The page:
Some HIV patients suffer from terrible neurological disease. Then, there are others that never have any cognitive problems at all. The same virus, but very different responses. That’s why most days you can find Dianne Langford working in a lab on Temple University’s campus, researching how HIV affects the brain. But once a year, her research takes here around the world to Ethiopia. It’s a country ravaged by HIV with little capacity to treat those infected, including infants born to HIV positive mothers.
“An Ethiopian baby is born with an immune cell count as high as any other baby, but as they become adults, their cell count drops significantly below anybody else’s in the world and we don’t know why,” says Langford, Ph.D., assistant professor of neuroscience and neurovirology at Temple University School of Medicine. “It’s a population with unique characteristics not found in other African populations or any other population in the world tested so far.”
It is also a population suffering because of HIV. Federal figures show nearly one million people are living with HIV/AIDS in Ethiopia. And while AIDS killed 67,000 Ethiopians last year, it’s most devastating toll is on the children, leaving some 650,000 as orphans. Researchers trying to learn more about the killer disease are hampered since, for cultural and religious reasons, autopsies are rare.
That’s why little is known about HIV-1C, a subtype of the virus which accounts for more than 50 % of HIV infections all over the world. It is the most dominant form of the virus, yet it is only found in Ethiopia, sub-Saharan Africa and India. And it is very different from subtype B, the form of the HIV found in this country. HIV-1C may be different in its progression and how it affects the brain, which is why Langford focused on Ethiopia. For the past five years, she’s volunteered through the non-profit People To People, a non-governmental organization dedicated to easing the burden of the HIV/AIDS epidemic in Ethiopia and other sub-Saharan countries, but it’s a mission that happened more by chance than choice.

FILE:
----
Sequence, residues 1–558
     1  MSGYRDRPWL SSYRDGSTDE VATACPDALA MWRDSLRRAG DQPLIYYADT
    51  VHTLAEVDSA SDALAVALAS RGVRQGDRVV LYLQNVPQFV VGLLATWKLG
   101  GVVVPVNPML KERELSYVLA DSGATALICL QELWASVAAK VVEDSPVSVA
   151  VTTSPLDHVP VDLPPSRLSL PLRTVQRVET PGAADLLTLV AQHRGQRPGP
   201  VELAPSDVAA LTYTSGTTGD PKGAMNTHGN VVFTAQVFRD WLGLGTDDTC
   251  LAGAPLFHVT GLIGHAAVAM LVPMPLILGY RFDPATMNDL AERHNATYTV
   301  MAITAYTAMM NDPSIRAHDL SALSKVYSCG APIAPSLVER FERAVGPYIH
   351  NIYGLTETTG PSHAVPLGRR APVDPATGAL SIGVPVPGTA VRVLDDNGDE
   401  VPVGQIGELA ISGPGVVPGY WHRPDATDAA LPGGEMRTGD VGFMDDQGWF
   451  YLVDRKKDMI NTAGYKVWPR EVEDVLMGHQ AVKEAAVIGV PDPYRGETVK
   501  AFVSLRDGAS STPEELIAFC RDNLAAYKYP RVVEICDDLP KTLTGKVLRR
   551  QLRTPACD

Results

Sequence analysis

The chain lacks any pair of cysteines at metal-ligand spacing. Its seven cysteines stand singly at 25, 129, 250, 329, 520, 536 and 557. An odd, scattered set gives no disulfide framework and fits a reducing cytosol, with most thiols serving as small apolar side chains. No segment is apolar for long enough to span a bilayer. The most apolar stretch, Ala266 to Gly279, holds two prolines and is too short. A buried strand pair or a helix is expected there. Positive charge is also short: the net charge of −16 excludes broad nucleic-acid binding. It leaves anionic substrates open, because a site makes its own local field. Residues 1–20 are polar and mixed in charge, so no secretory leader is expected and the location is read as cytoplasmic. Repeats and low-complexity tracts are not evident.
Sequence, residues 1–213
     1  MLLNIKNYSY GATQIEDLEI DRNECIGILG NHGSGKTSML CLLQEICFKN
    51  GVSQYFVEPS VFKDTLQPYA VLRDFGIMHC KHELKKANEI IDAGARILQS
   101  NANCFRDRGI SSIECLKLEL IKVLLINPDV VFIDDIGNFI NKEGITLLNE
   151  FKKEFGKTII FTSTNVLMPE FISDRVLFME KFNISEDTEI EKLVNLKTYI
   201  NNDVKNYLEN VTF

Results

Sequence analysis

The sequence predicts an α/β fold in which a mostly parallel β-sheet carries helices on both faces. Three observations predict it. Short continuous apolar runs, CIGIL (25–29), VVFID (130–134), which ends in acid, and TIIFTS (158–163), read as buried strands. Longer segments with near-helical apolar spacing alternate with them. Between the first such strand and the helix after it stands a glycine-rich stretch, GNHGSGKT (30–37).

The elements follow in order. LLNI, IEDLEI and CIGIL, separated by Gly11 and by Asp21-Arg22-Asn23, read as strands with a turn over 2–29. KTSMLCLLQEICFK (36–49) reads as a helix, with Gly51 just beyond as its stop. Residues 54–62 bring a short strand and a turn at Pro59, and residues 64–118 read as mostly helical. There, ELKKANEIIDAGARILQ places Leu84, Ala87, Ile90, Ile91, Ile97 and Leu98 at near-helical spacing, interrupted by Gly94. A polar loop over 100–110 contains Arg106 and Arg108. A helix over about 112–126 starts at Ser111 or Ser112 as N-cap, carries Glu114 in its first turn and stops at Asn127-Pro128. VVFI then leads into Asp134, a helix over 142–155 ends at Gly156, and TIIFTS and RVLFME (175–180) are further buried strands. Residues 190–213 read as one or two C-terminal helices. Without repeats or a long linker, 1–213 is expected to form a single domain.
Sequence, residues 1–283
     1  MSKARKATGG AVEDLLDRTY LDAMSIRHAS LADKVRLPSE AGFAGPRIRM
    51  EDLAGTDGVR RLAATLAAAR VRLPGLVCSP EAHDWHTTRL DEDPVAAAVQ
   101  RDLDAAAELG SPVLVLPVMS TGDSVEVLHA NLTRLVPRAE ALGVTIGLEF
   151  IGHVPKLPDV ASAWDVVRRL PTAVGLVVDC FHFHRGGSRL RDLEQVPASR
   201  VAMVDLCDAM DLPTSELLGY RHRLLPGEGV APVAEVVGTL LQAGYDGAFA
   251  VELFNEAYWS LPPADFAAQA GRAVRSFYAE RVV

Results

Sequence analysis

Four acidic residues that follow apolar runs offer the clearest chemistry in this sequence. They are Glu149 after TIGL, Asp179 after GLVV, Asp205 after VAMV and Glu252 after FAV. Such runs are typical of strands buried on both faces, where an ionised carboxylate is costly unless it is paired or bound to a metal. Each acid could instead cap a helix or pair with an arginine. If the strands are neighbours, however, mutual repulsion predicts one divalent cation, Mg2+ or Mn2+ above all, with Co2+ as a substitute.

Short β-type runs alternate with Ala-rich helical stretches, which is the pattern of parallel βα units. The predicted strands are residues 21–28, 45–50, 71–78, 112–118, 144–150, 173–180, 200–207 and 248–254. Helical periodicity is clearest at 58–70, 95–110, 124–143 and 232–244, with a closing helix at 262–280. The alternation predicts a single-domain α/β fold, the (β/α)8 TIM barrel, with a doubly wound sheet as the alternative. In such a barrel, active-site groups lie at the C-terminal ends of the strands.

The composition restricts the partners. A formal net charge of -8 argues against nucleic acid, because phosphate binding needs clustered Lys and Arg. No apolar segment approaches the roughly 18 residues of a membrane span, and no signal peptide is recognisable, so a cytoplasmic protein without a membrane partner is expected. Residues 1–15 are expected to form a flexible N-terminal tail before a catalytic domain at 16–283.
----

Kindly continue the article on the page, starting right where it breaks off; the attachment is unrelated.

“I was at an international NIH meeting in Baltimore in 2003 and people were giving power point presentations using all kinds of fancy graphics,” says Langford. “Then, a soft-spoken Ethiopian woman stood up and spoke about HIV in her home country. No presentations; just her own experiences and I was so impressed.”
Minutes after that woman’s presentation, Langford met the head of People To People, Dr. Enawgaw Mehari. She doesn’t know what made her say yes, but she found herself agreeing to go to Ethiopia. Three months later, she was on a plane for her first trip there to see in person the effects of HIV. And in the five years since that fateful encounter, she has worked with scientists at Addis Ababa University School of Medicine in Ethiopia to secure a $250,000 NIH grant to study what HIV-1C does to the brains of Ethiopians. As she has crossed continents, she has also lifted taboos. Government officials in Ethiopia agreed to allow her team to perform 200 autopsies to date.
“There was a lot of legal wrangling and delays, but we finally did the autopsies and we’re on the right track to finding out more about this devastating disease,” says Langford. “It mutates from patient to patient, within a patient and even as it travels around the globe and that’s why it’s so hard to find a vaccine.”
It may be hard, but Langford and her fellow researchers are determined to learn how and why HIV-1C is different from other subtypes. Their work could make a difference in how doctors treat the virus. Until then, Dianne Langford will continue on her life’s mission, one inspired by one woman’s story.